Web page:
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Can I use a personal loan to buy a used car?

Buying a car with a personal loan is less popular but has benefits.

Whether it’s to consolidate high-interest debt or help with large purchases, such as a car, a personal loan can be a convenient option. Personal loans are the fastest-growing type of consumer debt, according to Experian, with 11 percent of American consumers having a personal loan averaging $16,259.

Personal loans are just that -- loans for any type of personal use. These loans can come from a bank or other lending institution that lets you borrow a predetermined amount of money that you repay. Those monthly payments will go toward both the original balance and the interest you’re being charged for the personal loan.

Getting a personal loan requires doing some research. You may have seen those offers via mail or email inbox luring you with offers of an easy application process, great rates and terms. Carefully compare rates to make sure you’re getting the loan that’s best for you. Use a site like Credible to get prequalified for loans ranging from 1,000 to $100,000 in just two minutes. You can compare rates side-by-side with zero impact on your credit score.


So you’ve got your eye on a new or used car you want to purchase. Getting a traditional auto loan from the car dealer isn’t the only way to finance the car. In fact, it may even make more sense to get a personal loan, depending on your situation. While this is less common, with only about 4 percent of car buyers using a personal loan for their purchase, it can be a viable option.

The first step to getting a personal loan is filling out an application to get the qualification process started. The lender will closely review your income, employment history and credit score to determine whether you will get a loan and at what rate. The lower the interest rate the less you’ll have to repay in the long run.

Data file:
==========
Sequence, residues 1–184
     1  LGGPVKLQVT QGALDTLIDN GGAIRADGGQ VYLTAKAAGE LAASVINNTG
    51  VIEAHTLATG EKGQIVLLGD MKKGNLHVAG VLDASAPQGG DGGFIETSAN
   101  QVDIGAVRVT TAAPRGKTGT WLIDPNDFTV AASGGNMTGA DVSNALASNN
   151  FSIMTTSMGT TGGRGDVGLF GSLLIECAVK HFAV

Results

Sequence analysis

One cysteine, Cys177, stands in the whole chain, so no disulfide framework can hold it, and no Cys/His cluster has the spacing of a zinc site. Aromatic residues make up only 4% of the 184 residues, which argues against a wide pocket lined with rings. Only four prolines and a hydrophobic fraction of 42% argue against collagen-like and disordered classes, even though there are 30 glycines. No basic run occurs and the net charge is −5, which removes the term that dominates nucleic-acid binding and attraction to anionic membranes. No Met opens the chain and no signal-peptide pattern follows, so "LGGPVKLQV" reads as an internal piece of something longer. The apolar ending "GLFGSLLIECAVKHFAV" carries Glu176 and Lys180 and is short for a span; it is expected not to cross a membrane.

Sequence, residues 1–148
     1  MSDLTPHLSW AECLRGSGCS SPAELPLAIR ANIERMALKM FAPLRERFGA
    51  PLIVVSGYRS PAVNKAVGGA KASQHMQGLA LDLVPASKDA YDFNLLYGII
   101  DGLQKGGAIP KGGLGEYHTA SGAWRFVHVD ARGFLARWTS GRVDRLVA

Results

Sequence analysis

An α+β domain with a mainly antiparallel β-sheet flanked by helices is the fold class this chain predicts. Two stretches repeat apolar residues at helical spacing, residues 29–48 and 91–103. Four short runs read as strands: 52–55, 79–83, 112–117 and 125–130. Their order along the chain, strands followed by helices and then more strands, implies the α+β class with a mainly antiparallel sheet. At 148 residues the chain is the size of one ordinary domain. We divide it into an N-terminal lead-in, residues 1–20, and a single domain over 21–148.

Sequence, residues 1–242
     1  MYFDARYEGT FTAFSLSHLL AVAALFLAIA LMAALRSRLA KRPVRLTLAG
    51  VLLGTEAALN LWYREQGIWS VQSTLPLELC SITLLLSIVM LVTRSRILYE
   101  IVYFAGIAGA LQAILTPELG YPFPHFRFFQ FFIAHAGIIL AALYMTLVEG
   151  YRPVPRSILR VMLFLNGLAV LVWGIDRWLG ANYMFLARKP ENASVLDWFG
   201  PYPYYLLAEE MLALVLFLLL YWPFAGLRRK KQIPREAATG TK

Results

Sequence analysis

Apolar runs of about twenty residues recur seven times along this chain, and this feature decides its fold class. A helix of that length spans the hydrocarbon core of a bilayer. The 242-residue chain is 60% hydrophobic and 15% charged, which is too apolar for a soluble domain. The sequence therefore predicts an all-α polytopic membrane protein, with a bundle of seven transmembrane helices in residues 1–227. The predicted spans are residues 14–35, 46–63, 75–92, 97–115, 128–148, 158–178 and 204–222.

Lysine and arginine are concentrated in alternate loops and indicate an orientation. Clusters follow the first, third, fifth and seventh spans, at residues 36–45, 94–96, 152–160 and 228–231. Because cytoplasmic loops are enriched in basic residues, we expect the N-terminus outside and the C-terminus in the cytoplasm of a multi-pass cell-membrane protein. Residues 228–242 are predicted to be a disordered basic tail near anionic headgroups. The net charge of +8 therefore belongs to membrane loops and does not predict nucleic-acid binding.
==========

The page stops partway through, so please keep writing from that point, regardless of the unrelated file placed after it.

Some tips on getting the best interest rate include:

Shopping around to know what rates are available

Checking with the lending institution you already have a relationship with

Improving your credit score

Using collateral

Selecting a shorter repayment period

Most people don’t enjoy the haggling in the finance department that comes along with financing a car directly from the dealer. Walking into the showroom already knowing you have the funds to pay for the car through a personal loan can make the process much easier and gives you a little more power when it comes to working out the price of the car.

Whether you select an auto loan or personal loan, sticking to your budget is key. To help determine your approximate repayments costs try using an online personal loan calculator for peace of mind and use Credible to see what rates you qualify for.


Auto loan vs. personal loan

One of the primary features that make personal loans different from car loans is that personal loans are unsecured. While your car can be repossessed if you don’t repay an auto loan as agreed, there’s no asset connected with a personal loan. However, because an unsecured loan is risky, personal loans often have higher interest rates.

An auto loan has restrictions as to the type and age of car you’re purchasing. A personal loan has no restrictions as to what you can use the funds to buy. Also, you can buy the car with a personal loan and if there are funds leftover you’re free to spend it any way you want. 


Unlike auto loans, prepayment penalties and fees are often associated with personal loans.

When taking out a personal loan for a vehicle purchase makes financial sense

If you’re buying a car directly from an owner and not the dealer, a personal loan is likely the only way to go. Without the help of a finance department on-site, you have to come up with the money for the vehicle yourself.

You want ownership of your car immediately. With a personal loan you own the car outright without having to wait until the final payment is made as with auto loans.


There’s no restriction on a personal loan if you want to buy a much older car. With some car loans, you can only buy a used car if it’s under a certain age. This usually rules out the classic car enthusiasts looking for a 1969 Pontiac GTO.

You want a more affordable insurance policy. With personal loans, you’re not required to carry full coverage and can shop around for a less expensive policy.

Why a personal loan may not be the way to go for this kind of purchase

If you want the most competitive rates for your car purchase, an auto loan may be the way to go. Their rates are often more competitive because it’s a secured loan.

Credit plays an even larger role for an unsecured personal loan. It can be more challenging to qualify for a personal loan if you have a lot of blemishes on your credit. If you do get the loan with credit blemishes, you will likely wind up paying a much higher interest rate.